A young woman arrives at her grandmother's house, which used to be a funeral home, to help her turn the place into a bed-and-breakfast inn. After they open, however, guests begin disappearing or turning up dead.
When two sisters inherit their family castle, a string of murders committed by a mysterious dark haired woman in a red cloak decimates their circle of friends. Is the killer their ancestor,... See full summary »
In the beginning of the movie you see a woman getting raped by a man-creature of some sort. The movie takes place years later when the child that was a result of that rape is on the rampage... See full summary »
The Dailies (rushes) had to be sent to Toronto, Canada to be processed and then returned to Dillard, Georgia the next evening for viewing. rushes were watched in the dining room of the The Dillard House on a projector shipped from Toronto for the length of the shoot. See more »
The lively rural thriller "Trapped" is good fun, with fine action sequences and some memorable characters. It does come with some subtext: one of the characters believes that murder is rarely if ever justified. One can guess that he'll come out of his experience here singing a different tune. There's also something to be said for what can happen when people in isolated communities insist on making their own "laws". Effectively directed by William Fruet ("Death Weekend", "Search and Destroy") and entertainingly performed, it gets off to a good start and is paced well until the kick ass finale.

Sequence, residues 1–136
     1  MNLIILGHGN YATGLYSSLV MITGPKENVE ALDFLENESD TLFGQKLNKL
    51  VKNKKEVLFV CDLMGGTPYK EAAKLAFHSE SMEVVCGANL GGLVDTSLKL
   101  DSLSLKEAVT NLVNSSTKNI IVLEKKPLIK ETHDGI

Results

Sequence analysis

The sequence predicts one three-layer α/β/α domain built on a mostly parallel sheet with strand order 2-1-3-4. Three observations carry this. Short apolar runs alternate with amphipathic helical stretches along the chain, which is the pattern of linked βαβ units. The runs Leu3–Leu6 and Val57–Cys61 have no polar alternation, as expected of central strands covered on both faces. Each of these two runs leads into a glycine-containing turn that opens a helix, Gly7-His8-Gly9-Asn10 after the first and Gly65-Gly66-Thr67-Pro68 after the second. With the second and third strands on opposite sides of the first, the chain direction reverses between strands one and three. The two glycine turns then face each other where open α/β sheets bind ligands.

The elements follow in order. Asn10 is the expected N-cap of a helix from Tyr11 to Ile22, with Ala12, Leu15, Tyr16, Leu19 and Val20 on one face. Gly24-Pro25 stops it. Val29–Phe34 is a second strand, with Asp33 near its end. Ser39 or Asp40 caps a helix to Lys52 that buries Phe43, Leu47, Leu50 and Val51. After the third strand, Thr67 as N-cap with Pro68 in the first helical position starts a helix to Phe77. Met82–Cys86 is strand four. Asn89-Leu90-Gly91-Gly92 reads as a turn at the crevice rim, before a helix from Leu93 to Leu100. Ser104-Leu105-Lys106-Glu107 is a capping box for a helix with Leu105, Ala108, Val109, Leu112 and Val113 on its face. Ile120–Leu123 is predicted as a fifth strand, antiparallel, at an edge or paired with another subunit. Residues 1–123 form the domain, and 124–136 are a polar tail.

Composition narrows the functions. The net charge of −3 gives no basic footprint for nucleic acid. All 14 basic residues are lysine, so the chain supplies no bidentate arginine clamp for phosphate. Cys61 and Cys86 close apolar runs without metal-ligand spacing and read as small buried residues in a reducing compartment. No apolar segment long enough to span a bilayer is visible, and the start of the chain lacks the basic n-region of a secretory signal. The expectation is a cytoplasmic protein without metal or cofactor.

A quartet of college students travel to the boondocks to do some hiking and cave exploring, only to witness a killing. Local community leader Henry Chatwill (Henry Silva) has caught his hot babe young wife sleeping with another man, and with the help of his friends has tortured this man (including having him tarred and feathered) and ultimately murdered him. The kids try to appeal to the local sheriff (John Rutter), who unfortunately turns out to be Henry's kid brother and who believes that blood runs thicker than water. So there'll be no help on that front. The kids have to put up with being captured and re-captured by Henry and pals until the odds finally swing in their favour.
This is a lot of fun for any viewer who digs the entire "hicksploitation" genre. Much of the enjoyment can be chalked up to the scenery chewing performance by Silva, who's a hoot from beginning to end. Nicholas Campbell is okay if not that likable as Roger, the aforementioned young man with strong opinions on the taking of human life. Gina Dick ("My Bloody Valentine" '81), Joy Thompson ("Prom Night" '80), and Danone Camden ('Dallas') are all quite pleasing to look at. Viewers may be pleased to note the doses of female nudity. Standing out in the cast is Barbara Gordon ("Dead Ringers") as Henry's sister Miriam, one person who is willing to stand up to him from the get go. The screenplay is by John Beaird, who wrote the '81 "My Bloody Valentine", and the on location shooting in both Ontario, Canada and Georgia, USA, is top notch.
Incidentally, the alternate title "Baker County, U.S.A." is a little more punchy; "Trapped" just sounds too generic.
Recommended to fans of films like "Deliverance" and "Rituals".
Eight out of 10.
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